CHICAGO — All of the books by best-selling author Paul Tough have been meaningful to me. I'm a teacher, and there's nothing an educator loves more than books that offer up a clear, concise answer to the question of how to best help children succeed.
But his latest book is personal. Tough was in the process of researching his now-released "The Years That Matter Most: How College Makes or Breaks Us" when we first talked a couple of years ago about the fact that neither of my sons — both children of someone who was the first in their family to go to college — wanted any post-secondary education.
My younger son had decided to go into welding at around the same time that news headlines were suggesting (erroneously) that welders made $150,000 annual salaries. This was also when Republican politicians started pushing the idea that a liberal arts degree paled in its utility compared with a vocational education.
Tough started checking in with my son and his older brother, a free spirit who never even considered college and who left his home state to work as a short-order cook in southern Oregon while his girlfriend trained to be a doula.
The jury is still out. My older son is now working a career-track restaurant management job, and his brother learned all too well an important detail that Tough uncovers in a chapter dedicated to the welding craze: "One of the many odd things about the rhetoric that posits welding as the antithesis of college is that in order to become a welder, you actually have to go to college."
Tough describes the "13 separate welding courses, starting with basic metal cutting and moving up through stick welding, plate and pipe welding, and glass metal arc welding ... [plus] basic classes in math and English as well as more conceptual courses in welding metallurgy and the symbols and specifications used in blueprints" necessary for an associate's degree at one community college.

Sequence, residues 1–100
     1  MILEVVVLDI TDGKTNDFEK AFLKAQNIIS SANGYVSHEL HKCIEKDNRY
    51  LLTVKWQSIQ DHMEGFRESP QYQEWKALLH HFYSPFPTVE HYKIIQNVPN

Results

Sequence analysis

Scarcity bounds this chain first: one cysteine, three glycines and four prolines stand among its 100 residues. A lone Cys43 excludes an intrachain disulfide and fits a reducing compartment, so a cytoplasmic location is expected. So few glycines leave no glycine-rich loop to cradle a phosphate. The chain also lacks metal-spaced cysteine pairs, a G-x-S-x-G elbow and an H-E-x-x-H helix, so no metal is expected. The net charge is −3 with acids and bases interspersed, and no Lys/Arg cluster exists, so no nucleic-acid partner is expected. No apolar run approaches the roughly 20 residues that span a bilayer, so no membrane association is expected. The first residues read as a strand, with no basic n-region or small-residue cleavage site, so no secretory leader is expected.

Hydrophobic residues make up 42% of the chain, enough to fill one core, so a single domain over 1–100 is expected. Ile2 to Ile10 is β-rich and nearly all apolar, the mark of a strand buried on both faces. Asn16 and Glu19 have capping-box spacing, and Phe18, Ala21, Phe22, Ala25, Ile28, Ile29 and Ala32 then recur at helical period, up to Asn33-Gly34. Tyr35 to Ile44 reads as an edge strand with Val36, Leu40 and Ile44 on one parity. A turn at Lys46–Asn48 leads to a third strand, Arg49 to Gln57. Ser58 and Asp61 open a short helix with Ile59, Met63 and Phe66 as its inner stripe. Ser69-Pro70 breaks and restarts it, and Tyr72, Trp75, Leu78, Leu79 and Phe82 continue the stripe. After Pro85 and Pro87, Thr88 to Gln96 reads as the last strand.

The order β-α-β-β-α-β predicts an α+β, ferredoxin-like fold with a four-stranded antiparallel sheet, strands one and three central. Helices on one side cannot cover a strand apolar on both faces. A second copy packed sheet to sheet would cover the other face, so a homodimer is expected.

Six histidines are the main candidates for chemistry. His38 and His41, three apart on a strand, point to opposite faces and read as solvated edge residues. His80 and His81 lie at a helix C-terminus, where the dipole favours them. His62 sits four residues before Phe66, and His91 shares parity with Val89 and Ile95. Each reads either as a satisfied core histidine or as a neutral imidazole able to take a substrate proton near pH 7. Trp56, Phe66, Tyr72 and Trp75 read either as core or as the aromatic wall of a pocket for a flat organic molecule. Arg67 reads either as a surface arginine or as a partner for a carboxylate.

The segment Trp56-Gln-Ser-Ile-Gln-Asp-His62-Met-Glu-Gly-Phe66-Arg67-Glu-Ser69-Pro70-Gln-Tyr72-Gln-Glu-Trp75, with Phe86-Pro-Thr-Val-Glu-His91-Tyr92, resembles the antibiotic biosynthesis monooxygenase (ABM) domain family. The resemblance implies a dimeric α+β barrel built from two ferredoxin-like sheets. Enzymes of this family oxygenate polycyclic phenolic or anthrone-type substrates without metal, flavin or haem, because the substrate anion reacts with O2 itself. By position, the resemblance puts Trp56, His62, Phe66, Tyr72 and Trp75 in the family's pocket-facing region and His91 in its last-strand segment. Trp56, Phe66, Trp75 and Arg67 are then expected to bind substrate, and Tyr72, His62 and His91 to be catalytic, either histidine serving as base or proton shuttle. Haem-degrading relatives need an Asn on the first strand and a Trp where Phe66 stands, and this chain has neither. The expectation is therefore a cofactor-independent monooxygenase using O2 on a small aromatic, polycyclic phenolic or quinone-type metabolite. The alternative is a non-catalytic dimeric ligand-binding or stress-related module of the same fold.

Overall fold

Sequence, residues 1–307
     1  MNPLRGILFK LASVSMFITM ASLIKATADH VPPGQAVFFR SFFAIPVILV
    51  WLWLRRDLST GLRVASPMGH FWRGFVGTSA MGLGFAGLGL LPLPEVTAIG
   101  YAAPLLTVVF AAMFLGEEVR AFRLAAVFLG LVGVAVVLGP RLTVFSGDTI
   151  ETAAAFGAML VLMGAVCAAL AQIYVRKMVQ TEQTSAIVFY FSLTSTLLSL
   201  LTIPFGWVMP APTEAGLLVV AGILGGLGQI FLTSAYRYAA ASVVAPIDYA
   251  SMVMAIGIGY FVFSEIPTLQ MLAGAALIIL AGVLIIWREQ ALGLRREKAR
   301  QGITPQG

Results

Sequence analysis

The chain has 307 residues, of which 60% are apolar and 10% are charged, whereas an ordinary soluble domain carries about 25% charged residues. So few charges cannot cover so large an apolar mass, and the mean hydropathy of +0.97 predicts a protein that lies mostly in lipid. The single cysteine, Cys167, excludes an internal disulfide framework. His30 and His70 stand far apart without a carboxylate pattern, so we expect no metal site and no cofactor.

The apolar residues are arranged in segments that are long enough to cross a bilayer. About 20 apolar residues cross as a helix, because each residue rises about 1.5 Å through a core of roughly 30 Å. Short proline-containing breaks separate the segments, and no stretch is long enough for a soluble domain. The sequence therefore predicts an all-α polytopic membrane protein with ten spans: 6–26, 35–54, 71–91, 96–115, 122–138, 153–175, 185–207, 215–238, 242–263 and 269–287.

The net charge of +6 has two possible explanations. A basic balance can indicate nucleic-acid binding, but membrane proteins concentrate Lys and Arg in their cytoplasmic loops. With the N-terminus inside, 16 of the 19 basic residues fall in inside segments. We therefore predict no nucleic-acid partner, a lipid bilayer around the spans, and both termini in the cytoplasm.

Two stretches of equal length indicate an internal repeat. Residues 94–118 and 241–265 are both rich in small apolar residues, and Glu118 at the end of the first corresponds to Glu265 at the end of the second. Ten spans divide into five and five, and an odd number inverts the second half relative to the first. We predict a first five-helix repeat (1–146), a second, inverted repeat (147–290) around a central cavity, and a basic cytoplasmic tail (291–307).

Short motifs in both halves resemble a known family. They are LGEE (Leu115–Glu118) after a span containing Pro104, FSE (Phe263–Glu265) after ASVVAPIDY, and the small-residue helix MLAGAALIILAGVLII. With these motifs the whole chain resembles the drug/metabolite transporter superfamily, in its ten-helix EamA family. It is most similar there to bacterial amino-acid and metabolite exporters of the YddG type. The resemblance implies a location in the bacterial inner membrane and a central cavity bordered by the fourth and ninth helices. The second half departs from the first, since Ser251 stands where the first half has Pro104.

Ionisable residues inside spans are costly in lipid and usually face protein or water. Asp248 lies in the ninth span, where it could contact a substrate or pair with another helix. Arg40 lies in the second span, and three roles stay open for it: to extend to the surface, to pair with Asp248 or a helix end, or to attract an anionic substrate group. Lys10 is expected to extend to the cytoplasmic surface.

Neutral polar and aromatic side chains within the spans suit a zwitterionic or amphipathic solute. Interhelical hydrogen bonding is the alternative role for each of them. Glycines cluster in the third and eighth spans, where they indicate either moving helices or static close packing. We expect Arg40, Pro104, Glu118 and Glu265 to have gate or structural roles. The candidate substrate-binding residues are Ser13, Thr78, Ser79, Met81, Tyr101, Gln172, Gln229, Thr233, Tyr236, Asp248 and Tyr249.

Believe me, the papers and tests in general education and discipline-specific community-college courses like Manufacturing Processes — a class my son returns from at 9:30 at night — are no less difficult than those found at four-year universities.
And after all that arduous work, if you can't provide a drug-free urine sample for an internship or a job welding at a real factory, then you've wasted your time and money.
Though I sincerely hope that some sort of career trajectory will emerge for my welding son — who actually wants to be a blacksmith but can't fathom having to limit the artistry of the craft to fixing people's fences — I agree with Tough that the wealthy-welder myth serves the interests of those who'd like to see an academic status quo maintained.
"If we are able to persuade ourselves that there are plenty of lucrative opportunities available for young people [who don't want a traditional college education and] who didn't much like high school, it absolves us of our shared responsibility to address the reality of [such students'] limited economic prospects," Tough writes.
Millions of futures depend on engaging in a vital discussion about dependable noncollege options for our young people. Many of us got our shot at a solid, middle-class life without having to go into student-loan debt. Doesn't the next generation deserve the same opportunity?
Esther Cepeda's email address is firstname.lastname@example.org.